Men Can Cry

Joseph is the first creative personality and the modern character described in the Torah. The preceding patriarchs were not presented as stiff, one-dimensional figures because Torah is a magnificent novel. It combines the nail-biting plot and the characters which come truly alive. The invisible narrator skillfully weaves together the dialog and the moments where we can delve into the inner reflections and intentions of the characters.

However, with Joseph’s narrative, the power of storytelling leaps free. It is both an ultimate “rags to riches” story and a deep investigation of the character’s development as a human being. Joseph is incredibly emotional, also a clear sign of modernity in writing.

Deciding to reveal himself to his brothers, he gets a powerful verse from the narrator, ” וְלֹֽא־יָכֹ֨ל יוֹסֵ֜ף לְהִתְאַפֵּ֗ק לְכֹ֤ל הַנִּצָּבִים֙ עָלָ֔יו “. Then he sobs aloud. The rabbis have been quick in explaining that Joseph the courtier does not want “to lose face” in front of the assembled Egyptians. Only Radak, uncharacteristically modern for his time, thought about something else.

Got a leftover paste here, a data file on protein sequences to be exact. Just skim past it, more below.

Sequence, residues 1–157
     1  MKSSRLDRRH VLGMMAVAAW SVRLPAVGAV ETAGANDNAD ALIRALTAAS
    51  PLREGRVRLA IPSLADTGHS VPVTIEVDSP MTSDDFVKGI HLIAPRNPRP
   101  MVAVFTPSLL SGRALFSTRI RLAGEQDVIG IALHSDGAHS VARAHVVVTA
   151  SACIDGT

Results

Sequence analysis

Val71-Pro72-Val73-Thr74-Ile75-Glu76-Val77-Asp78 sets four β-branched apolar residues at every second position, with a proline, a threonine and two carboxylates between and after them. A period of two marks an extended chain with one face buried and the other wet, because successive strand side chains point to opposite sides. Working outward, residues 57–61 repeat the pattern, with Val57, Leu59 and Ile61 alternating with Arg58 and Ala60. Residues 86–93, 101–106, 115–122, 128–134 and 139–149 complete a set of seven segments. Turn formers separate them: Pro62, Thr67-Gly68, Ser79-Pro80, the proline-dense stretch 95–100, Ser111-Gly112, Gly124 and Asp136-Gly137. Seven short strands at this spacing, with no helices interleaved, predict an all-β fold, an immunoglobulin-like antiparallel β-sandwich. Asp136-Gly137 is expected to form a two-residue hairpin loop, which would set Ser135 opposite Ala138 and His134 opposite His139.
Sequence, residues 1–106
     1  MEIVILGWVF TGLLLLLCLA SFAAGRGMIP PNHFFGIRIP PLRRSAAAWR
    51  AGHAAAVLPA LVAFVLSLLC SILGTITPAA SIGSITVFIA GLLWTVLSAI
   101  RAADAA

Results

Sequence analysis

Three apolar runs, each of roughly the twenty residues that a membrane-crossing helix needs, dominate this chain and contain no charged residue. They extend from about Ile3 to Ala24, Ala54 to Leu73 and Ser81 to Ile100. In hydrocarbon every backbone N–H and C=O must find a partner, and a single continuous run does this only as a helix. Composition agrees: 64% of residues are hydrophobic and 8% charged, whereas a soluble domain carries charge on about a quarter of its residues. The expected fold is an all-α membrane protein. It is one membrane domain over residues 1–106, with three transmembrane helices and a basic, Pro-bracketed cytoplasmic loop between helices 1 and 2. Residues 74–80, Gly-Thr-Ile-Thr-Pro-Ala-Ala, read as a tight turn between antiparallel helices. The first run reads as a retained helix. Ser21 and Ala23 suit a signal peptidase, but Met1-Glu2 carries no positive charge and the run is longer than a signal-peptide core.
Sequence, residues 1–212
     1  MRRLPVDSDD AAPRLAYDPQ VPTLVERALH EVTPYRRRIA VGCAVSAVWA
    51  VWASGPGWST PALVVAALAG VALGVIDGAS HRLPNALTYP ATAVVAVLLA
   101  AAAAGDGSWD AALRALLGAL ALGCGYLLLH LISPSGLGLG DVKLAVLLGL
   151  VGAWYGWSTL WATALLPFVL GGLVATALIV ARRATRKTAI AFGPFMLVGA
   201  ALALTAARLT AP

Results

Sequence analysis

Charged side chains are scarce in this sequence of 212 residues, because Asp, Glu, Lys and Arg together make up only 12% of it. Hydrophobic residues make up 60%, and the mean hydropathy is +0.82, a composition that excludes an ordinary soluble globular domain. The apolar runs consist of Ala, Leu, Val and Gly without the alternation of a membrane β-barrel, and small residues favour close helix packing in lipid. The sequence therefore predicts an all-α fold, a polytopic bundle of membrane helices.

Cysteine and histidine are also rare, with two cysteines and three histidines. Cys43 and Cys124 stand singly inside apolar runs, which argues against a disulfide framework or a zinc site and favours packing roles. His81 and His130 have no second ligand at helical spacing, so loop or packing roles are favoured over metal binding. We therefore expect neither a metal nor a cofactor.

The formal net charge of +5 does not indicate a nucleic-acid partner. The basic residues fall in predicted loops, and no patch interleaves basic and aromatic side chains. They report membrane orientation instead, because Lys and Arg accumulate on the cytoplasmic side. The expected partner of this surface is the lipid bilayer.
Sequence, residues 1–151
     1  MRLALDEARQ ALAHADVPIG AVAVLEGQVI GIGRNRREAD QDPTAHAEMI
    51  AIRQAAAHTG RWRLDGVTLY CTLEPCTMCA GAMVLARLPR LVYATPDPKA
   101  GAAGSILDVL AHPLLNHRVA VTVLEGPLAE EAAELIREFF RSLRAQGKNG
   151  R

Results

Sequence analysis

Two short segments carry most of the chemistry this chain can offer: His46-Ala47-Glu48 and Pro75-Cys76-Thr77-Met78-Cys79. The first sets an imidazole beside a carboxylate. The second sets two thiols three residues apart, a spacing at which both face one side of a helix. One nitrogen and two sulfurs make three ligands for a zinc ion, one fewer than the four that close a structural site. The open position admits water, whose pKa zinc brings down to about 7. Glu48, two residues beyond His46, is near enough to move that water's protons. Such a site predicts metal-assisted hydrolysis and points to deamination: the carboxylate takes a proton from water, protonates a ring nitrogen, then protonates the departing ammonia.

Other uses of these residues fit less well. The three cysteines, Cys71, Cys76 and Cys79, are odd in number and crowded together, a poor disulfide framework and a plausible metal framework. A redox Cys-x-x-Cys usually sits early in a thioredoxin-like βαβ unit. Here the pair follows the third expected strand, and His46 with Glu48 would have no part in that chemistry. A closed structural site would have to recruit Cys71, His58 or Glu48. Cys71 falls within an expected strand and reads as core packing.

“…the repeated references by Yehudah to the mental anguish experienced by his aged father proved too much for Joseph to maintain his composure. It kindled his sense of compassion also towards his brothers so that he could not restrain himself from weeping”.

Too much to maintain his composure because men can cry too.

About the Author
Nelly Shulman is a journalist and writer currently based in Berlin. She is an author of four popular historical novels in the Russian language. She is working on the fifth novel in this series and on her first English-language novel, a historical thriller set during the Siege of Leningrad. She a Hawthornden Fellow and an alumna of the Nachum Goldmann Fellowship.
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